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The Whole Internet User's Guide
By David W. McFadden
The Internet is being trumpeted as a great global network of information superhighways, destined to bring about a brave new era of universal peace and understanding, a sort of Pax Electronica for the twenty-first century.
But dah-ling, it's sooooo time-consuming!
What's that line about sailboats?-owning one is like having a bottomless pit you have to keep topped up with money. Being on the Internet is a lot like that, except you have to fill that bottomless pit not with money but with time.
Even the most serious researcher has to have iron discipline on the Internet, or he/she ends up becoming a professional goof-off artist. You need to know the names of the moons of Uranus, so you log in, find you have 147 pieces of e-mail from all around the world, and by the time you've replied to a few items, downloaded a few other items, reformatted them, and faxed them off to some friends not on the Internet, it's four in the morning and you still haven't got the names of those damn moons. It might have been better just to have made a little call to the public library.
As for me, I'm not what you do call a professional researcher. In fact I'm an unlikely person to be interested in the Internet in the first place. Here's how it happened.
'Way back in the eighties, a fresh bright young with-it English teacher, Trevor Owen by name, asked me to be a "writer in electronic residence" for the kids in his creative-writing class at Riverside Collegiate Institute in Toronto. The kids would write little stories and poems on the school computers and they would come up on the screen of my computer at home. I'd read them and send back my comments. All I needed was a modem. So I went out and bought one and worked with the kids for a year. It was fun, but it was exhausting, and when it was over I put my modem away in storage.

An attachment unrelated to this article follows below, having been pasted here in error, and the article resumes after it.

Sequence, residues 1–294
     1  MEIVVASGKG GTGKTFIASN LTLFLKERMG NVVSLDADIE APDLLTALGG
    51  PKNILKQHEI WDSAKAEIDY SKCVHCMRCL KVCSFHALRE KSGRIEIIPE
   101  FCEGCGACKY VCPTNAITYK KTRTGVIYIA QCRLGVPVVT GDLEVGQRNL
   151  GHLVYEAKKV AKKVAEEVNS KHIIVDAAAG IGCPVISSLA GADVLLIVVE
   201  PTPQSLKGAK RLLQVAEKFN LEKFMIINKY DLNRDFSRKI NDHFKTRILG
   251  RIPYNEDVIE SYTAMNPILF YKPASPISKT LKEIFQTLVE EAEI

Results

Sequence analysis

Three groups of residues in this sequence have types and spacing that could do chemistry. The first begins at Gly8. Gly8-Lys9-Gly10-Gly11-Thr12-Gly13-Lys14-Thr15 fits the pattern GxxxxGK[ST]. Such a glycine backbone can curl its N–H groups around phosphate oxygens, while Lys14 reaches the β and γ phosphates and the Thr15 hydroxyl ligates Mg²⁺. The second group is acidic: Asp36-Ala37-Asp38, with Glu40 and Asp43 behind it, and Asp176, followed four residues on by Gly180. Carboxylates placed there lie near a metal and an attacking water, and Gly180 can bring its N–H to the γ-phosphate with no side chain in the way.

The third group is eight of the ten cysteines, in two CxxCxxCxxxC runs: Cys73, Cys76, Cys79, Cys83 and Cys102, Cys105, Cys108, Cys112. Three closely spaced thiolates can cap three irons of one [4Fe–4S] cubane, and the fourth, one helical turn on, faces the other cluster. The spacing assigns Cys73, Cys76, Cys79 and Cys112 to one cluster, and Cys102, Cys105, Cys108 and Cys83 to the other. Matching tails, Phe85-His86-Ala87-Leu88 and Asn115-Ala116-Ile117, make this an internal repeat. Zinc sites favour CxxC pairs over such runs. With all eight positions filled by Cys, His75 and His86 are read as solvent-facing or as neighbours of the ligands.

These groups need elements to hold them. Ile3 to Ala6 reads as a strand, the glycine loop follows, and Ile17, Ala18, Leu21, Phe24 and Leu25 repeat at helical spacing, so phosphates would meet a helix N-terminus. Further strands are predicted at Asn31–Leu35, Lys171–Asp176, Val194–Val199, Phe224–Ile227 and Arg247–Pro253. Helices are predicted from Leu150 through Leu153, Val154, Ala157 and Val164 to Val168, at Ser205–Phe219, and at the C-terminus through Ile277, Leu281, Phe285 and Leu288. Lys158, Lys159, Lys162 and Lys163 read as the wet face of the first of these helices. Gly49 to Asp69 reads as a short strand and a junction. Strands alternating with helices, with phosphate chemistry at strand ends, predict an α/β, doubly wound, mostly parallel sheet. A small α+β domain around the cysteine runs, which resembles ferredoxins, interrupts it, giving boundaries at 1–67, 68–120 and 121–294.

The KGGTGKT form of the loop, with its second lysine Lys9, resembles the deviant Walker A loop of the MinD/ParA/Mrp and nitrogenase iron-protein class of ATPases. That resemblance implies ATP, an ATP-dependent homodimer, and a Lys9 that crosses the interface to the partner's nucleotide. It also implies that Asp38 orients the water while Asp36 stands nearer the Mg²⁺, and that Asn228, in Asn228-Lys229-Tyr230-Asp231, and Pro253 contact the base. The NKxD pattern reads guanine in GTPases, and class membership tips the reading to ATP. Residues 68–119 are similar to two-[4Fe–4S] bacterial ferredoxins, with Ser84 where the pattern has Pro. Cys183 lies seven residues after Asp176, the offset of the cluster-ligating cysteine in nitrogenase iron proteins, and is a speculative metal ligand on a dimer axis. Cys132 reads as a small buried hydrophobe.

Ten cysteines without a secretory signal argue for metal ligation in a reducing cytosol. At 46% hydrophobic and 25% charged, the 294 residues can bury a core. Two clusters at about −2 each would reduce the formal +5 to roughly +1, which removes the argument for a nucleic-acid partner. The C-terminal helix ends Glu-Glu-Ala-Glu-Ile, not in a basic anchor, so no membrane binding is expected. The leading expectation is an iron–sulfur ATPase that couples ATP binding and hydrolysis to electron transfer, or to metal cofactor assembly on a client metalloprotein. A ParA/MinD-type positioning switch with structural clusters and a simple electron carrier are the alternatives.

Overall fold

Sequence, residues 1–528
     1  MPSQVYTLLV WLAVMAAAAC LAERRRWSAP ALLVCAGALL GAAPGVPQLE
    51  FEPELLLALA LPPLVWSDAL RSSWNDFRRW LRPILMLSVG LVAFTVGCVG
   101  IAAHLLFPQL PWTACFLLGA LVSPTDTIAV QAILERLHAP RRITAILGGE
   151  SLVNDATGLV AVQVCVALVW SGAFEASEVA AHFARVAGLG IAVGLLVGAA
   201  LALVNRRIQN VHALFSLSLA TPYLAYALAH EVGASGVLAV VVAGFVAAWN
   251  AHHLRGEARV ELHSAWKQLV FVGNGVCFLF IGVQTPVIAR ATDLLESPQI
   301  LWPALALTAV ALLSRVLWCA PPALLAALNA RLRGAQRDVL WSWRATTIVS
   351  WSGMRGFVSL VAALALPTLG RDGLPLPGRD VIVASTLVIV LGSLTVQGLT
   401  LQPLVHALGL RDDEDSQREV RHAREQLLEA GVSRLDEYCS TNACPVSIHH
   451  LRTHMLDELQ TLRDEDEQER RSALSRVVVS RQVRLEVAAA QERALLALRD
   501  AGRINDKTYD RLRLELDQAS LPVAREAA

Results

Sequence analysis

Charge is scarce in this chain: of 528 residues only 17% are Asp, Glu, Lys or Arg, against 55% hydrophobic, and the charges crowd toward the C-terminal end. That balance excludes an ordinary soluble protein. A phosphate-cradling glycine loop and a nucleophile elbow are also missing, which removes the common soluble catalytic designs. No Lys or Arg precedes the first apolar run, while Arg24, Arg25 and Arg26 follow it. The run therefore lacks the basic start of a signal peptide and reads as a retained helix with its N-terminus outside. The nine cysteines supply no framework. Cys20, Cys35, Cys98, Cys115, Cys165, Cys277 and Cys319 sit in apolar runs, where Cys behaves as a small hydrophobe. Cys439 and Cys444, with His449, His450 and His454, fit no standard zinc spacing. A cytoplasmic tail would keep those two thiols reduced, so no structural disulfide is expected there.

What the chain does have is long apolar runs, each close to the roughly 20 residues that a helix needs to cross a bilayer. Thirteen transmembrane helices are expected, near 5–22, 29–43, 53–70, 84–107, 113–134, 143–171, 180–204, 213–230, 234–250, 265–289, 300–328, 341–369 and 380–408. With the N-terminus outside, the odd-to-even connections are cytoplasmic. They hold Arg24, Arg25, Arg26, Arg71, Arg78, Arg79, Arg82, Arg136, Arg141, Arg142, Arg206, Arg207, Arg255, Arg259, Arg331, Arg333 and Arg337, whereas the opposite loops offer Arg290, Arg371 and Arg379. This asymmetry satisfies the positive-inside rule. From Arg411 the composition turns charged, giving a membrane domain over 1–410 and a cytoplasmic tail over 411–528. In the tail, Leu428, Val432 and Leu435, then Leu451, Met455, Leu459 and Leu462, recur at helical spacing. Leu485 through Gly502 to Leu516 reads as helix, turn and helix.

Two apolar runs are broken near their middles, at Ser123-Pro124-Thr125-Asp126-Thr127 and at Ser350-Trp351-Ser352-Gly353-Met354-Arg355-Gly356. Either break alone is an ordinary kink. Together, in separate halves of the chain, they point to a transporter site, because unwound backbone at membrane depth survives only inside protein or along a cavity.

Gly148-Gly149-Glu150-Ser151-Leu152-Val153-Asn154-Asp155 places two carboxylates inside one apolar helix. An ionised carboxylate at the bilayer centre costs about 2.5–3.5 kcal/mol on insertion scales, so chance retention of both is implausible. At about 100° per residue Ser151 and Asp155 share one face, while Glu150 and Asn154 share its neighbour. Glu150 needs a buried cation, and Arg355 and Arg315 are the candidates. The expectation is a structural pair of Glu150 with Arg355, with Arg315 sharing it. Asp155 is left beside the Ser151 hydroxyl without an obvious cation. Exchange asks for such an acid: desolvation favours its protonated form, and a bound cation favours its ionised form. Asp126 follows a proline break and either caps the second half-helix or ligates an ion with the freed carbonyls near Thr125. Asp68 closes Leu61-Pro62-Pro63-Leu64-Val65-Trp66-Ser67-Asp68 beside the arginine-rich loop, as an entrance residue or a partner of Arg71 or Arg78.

Then last year, Trevor contacted me again. He was no longer teaching, he had an office in the computer department at York University and had become a fulltime visionary, busy developing computer networks for high schools in Canada and flying off to conferences around the world.
This time he asked me to get the modem out of storage and get involved in a program similar to the one at Riverside,but this time it was to involve high schools across Canada. The program had a name, W.I.E.R., which stood for Writers in Electronic Residence, had received some financial support from Trans-Canada Pipelines and involved poets, novelists and playwrights and so on like Susan Musgrave, Katherine Govier, Rick Salutin, Myra Kostash, Daniel David Moses, Pat Lane, George Elliott Clarke, Marilyn Bowering all members of that tribe of writers who had long ago quit their day jobs but still couldn't live off their royalties.
And as an added inducement Trevor was offering each of us a full Internet account on the big computer at York University.
Something clicked, and this time I knew when my stint with WIER was over I wouldn't be putting my modem back in storage. In fact I ran out to my neighbourhood Toronto Computer Book store and plunked down $29.95 for a copy of The Whole Internet User's Guide and Catalog by Ed Krol, and started reading about Usenet, Listserv, FTP, FAQs, Gopher, Archie, WWW, Telnet, WAIS, VERONICA, JANET, Project Gutenberg, Smiles, NICOLAS, and so on.
Pretty soon I'd downloaded a massive list of Listserv mailing lists, thousands of them, and, carefully following the directions in the book, began subscribing to everything that looked interesting.
For a few weeks I was deliriously reading and contributing to all these mailing lists and doing very little of anything else, such as sleeping. Then came the terrible task of trying to figure out which lists were dispensible and painfully unsubscribing from them. I finally got it down to about three. That's about as many as any one can really handle at any one time. As for the others, whenever you're inspired to do so you can dip into the archives via FTP and find out what's been going on in your absence. There's no quality control on these lists, to be truthful: one week they're vitally interesting, and then they go off in a tangent that is deadly dull.
The aforementioned User's Guide is good. It's based on the Unix operating system, which is okay by me because that's the system the York account uses as well. But it's easily understandable for those who aren't on a Unix system.
Many other books on the Internet have been published since the Krol book, but all you really need is one that covers the basics and gets you started. Then all the information you need (and that's a classic understatement to be sure) can be found on the Internet.
WIER is supported by The Writer's Development Trust as well as TCP.
David McFadden is a Toronto-based writer.